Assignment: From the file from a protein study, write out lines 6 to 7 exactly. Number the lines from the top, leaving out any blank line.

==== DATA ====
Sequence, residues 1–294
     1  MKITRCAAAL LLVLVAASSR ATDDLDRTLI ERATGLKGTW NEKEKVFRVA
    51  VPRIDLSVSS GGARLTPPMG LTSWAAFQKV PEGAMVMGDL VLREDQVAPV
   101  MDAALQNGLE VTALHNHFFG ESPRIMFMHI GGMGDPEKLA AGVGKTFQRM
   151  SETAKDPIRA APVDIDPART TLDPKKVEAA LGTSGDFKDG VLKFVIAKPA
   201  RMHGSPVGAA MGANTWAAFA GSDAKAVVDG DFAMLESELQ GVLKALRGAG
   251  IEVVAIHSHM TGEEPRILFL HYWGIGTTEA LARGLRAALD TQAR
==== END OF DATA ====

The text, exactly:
   201  RMHGSPVGAA MGANTWAAFA GSDAKAVVDG DFAMLESELQ GVLKALRGAG
   251  IEVVAIHSHM TGEEPRILFL HYWGIGTTEA LARGLRAALD TQAR